Q and A (Students pose questions)
Description of Lesson: Students must construct questions that are asked to other students who then answer. Alternatively, can be mixed with a guest lecture or standard Q/A session where the students must submit questions to the guest or instructor. The guest or the instructor then answers.
Appropriate Content Areas: All. Typical in social sciences, arts, education, sciences, and any field that might involve a topical issue that the students can question experts about. Less common as a direct activity in guided independent study and similar programs where students do not interact with one another.
Questioning a guest lecturer
Goals & Objectives:
The goals of a question and answer activity are to empower students to control the flow of content and to guide students ability to critically examine a topic to develop their own higher order questions.
Sample objectives include:
After completing a question and answer activity, students will:
- develop attention to detail and critical analysis by formulating higher order questions concerning a given concept
- synthesize information in order to determine missing information or information deserving clarification
as determined by successfully attending to 80% of the requirements.
- None other than adequate Web access.
Materials and Resources:
What needs to be prepared in advance by the teacher? Usually, the questions will center around a topic that the instructor or a guest presents. The topic may be presented through readings or a lecture prepared by the instructor or guest.
What does the student need to bring to the lesson? Students need to view any prerequisite materials.
Guiding Questions for this Lesson:
Are students paying attention to the guest or the instructor lectures? Can students formulate questions during the lesson that lead to additional learning of all.
Lesson Outline and Procedure:
- Student read, view, or listen to a presentation or lecture prepared by a guest expert or the instructor.
- Each student composes a question to ask during a synchronous section.
- The guest, the instructor, or other students answer the questions found to be most pertinent until all questions or as many as possible or appropriate have been answered.
- Student-student questioning generally occurs where there is peer review of a student-led presentation or the like.
- Students submit a question to an asynchronous discussion forum.
- The guest, the instructor, or other students as assigned answer the questions being posed. Additional discussion may be facilitate
The primary assessment involves the quality of the questions being asked. Are the questions clear, concise, pertinent, of the correct specificity, etc. Additional assessment can include the quality of student answers to student-student questions.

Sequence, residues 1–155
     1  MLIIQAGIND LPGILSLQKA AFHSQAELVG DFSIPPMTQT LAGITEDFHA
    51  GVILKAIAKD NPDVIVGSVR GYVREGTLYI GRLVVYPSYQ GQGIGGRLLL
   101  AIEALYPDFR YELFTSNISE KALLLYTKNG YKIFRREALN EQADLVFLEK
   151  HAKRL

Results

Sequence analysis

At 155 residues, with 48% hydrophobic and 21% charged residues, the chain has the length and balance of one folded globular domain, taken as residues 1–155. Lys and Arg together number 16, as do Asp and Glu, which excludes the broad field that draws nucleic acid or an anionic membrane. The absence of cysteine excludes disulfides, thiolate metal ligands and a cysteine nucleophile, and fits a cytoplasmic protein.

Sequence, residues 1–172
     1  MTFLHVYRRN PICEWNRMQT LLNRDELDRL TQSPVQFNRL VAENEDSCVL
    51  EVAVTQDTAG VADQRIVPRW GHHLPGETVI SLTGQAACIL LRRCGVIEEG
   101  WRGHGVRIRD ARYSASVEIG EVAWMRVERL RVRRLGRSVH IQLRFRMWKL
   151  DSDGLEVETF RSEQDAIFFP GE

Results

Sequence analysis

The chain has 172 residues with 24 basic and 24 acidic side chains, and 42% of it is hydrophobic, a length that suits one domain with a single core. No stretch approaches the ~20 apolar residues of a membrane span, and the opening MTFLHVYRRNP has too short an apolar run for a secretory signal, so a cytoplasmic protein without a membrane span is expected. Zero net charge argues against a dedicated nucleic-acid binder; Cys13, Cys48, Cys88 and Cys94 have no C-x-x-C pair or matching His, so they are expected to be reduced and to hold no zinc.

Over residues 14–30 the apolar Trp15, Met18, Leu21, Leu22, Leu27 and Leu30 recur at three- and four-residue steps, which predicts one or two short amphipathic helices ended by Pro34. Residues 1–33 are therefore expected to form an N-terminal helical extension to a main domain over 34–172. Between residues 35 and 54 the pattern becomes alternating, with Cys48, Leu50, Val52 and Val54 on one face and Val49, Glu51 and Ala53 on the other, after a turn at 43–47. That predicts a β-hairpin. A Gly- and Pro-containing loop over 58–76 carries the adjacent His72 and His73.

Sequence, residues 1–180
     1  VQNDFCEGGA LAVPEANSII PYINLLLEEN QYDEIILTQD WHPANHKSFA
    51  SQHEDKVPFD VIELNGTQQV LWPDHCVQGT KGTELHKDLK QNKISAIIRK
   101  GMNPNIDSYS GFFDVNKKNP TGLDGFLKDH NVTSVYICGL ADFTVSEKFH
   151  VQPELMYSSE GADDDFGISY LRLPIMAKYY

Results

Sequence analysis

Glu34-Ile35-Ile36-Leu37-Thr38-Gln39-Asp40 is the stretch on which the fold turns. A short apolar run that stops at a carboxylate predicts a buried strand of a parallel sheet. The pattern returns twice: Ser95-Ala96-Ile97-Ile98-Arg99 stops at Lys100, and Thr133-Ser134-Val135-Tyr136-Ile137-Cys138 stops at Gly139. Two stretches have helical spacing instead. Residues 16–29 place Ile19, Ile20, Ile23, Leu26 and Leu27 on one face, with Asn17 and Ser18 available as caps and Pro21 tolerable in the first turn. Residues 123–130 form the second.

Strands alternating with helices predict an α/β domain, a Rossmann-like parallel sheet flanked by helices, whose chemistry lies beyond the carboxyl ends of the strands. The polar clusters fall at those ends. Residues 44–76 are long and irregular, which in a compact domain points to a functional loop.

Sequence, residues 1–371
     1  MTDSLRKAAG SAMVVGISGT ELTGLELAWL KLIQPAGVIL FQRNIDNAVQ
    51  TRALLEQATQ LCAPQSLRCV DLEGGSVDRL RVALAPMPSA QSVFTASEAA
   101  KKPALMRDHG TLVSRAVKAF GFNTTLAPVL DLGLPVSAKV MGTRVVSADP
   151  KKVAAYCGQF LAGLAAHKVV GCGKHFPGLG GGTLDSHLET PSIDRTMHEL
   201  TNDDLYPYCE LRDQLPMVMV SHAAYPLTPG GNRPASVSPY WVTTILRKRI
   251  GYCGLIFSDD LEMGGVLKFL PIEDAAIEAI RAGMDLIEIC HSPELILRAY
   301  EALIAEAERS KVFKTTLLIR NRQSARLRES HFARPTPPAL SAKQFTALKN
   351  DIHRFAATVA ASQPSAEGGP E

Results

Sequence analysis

Teaching Strategies and Highlights:
- The instructor may need to formulate his/her own questions if there is a particular aspect of the discussion that is being missed.
- Optional additional activity: Following the discussion, the instructor, guest, and/or the students individually construct a synopsis of the discussion outlining key points learned.
- For synchronous activities, there may be a temporal accommodation for those with disabilities affecting reading ability, such as those dependent upon a screen reader or student’s with dyslexia.
How much time would a typical online student require to complete such a lesson? This is generally a quick activity, but the aspects of the activity may be spread in time. An initial period may be required such as 3 days to review materials prior to asking the questions, unless the materials are presented during a synchronous session directly after which the students pose questions. Students should be given at least 5-10 minutes to compose their questions during a synchronous session. Some questions will come right away, providing the answerer time to answer some questions while waiting for others. Not all questions have to be answered as appropriate.
What connections to other topics exist within the lesson? Questions posed by students, often do not address the connectivity to other content. When these connections are not made, the instructor should facilitate the linkage of information in any discussions or summaries presented.
Ideas for Lesson Evaluation and Teacher Reflection:
How did the students like the lesson? End of semester evaluations should ask about the usefulness and learning accomplished through such activities. Difficulties experienced should be addressed for current and future courses and students. When the student population is not effectively constructing questions it could be that the topic is not being delivered in a manner conducive to questioning. Alternative activities or lesson presentation may be considered.